• Consideration of where the therapy is actually taking place and the applicable law relating to this (See Section 4 inclusive).

2.5 Working with couples, families and groups

There is any number of support groups online which generally operate without a leader. Participants in these groups value the communication, help and shared experience which they receive from other members. In addition, group members tend to value the anonymity which many online support groups provide. However, therapy led online groups is very different, and should not involve the anonymity characteristic of support groups. In fact, the rules of participation and behaviour between members in a therapy led online group, should be just as carefully considered as they are in traditional group facilitation.  This applies to all aspects of group facilitation, including intake procedures and the management of conflict within the group as well as the management of endings.  Participants should be aware of the terms of membership of the group, as well as the group rules and what happens if there is a breach of these.

It is increasingly possible for practitioners, who wish to do so, to use technological means of working with couples, families and groups. Working online in this way pre-supposes and requires specialist training in traditional therapy with these client group beforehand. Couples, family and groupwork are multifaceted areas of therapy when conducted online and require further in depth training in the complexities of these models.   All the ethical considerations which apply to individual therapy with clients, apply also to working online with couples, families and groups.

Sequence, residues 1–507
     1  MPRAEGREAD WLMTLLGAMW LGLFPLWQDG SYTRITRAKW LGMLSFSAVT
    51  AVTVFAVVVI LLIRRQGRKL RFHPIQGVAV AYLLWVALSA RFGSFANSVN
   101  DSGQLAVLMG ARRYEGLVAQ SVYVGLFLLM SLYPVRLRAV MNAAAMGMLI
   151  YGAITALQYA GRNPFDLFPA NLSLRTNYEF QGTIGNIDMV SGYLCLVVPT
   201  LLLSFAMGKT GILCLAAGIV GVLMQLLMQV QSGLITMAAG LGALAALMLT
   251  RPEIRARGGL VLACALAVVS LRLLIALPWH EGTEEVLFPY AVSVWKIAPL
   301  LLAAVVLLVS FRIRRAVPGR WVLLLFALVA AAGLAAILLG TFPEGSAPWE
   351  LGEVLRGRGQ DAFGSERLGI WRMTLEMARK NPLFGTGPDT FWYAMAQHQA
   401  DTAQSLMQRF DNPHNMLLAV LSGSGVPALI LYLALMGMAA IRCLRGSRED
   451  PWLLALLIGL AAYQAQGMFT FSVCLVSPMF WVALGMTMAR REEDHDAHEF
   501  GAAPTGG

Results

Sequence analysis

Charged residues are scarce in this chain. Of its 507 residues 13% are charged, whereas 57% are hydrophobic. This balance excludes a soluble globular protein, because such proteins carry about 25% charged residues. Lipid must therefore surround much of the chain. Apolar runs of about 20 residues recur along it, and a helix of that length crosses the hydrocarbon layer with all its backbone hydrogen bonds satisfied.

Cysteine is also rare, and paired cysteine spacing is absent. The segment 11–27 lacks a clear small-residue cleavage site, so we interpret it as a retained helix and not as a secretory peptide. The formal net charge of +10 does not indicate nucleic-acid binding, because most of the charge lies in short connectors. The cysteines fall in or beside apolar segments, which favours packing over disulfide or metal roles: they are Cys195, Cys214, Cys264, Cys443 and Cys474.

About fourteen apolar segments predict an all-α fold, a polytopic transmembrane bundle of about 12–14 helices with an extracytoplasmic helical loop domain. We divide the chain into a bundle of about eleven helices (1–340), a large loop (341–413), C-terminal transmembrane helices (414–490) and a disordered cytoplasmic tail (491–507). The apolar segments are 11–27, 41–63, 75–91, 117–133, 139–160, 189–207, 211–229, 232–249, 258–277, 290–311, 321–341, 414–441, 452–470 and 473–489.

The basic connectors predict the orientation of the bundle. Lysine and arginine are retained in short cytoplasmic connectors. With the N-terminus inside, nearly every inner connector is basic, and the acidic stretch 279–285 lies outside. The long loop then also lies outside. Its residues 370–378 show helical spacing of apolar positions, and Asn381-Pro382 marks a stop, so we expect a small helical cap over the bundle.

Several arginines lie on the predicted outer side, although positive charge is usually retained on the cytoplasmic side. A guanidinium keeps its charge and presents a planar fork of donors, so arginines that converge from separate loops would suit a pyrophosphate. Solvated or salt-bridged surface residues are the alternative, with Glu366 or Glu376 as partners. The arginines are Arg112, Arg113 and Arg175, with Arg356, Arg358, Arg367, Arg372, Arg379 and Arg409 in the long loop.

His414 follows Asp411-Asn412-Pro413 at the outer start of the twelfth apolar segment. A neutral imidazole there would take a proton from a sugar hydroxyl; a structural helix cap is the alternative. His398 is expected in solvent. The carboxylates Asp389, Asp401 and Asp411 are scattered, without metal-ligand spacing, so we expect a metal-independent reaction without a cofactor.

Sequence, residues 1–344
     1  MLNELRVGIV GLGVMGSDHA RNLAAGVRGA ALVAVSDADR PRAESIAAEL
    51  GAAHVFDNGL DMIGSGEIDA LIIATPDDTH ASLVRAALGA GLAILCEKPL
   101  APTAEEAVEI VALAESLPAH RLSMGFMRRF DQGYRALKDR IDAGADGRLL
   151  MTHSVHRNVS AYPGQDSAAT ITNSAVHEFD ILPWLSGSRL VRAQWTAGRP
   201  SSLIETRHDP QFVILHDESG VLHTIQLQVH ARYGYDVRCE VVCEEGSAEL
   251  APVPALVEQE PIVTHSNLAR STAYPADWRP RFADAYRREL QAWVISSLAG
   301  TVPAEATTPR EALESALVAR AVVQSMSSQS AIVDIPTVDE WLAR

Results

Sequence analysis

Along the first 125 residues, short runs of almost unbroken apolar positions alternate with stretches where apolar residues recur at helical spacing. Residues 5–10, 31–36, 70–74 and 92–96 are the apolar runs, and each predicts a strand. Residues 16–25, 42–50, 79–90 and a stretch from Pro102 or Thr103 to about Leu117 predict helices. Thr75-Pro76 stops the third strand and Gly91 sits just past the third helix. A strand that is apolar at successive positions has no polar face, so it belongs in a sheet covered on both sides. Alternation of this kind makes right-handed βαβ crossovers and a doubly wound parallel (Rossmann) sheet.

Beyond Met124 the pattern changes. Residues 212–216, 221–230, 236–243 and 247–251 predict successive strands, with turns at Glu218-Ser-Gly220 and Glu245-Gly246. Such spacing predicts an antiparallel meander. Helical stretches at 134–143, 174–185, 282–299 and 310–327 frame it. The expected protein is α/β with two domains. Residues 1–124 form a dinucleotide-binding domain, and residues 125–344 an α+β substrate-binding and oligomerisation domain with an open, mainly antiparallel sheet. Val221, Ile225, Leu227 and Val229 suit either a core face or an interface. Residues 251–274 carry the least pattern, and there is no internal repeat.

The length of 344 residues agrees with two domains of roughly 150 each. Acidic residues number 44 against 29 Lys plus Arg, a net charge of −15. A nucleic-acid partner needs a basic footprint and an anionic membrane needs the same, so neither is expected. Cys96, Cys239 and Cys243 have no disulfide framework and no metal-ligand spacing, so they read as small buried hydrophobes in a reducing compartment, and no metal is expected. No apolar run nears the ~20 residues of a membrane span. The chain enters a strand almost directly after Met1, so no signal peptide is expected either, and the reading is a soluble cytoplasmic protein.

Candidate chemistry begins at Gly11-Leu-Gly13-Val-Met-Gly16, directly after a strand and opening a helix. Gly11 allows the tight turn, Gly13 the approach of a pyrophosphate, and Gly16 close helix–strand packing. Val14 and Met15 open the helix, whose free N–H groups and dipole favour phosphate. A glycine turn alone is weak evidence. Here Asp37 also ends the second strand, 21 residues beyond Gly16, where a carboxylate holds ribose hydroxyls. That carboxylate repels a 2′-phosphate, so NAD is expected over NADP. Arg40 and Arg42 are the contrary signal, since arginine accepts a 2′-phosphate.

3.     Other issues specific to working online

3.1 Client culture and diversity

Working with clients via email means that verbal and visual cues are absent, a fact that practitioners using this medium need to remind themselves of in their contact with clients. Telephone counselling, which has been available professionally for decades in the voluntary sector help lines, has comparatively recently been adopted for use in contractual therapy, has similar limitations in the sense that non-verbal and visual cues are compromised. This limitation means that highly developed listening skills are essential prerequisites for practitioners working with this form of distance counselling. Practitioners need to understand what verbal pauses or changes in voice tone might mean, for example. These considerations become even more relevant in the context of client difference and diversity.

Technology has made it possible to communicate with clients over wide distances and from diverse cultures both international and local. To communicate effectively with clients in this way means that practitioners have an added responsibility to undertake relevant training in client culture and diversity. The IACP Code of Ethics highlights the central place of respect for the rights and dignity of all clients, including those of different race, ethnicity or national origin, (IACP, 2014:1.1.2).  In order to support diverse client groups, practitioners should be willing to question their personal cultural assumptions and the possible impact of these on the people who seek help. Although geographical distance may reduce some practical barriers, cultural issues may be more complex when distance and technology are taken into consideration.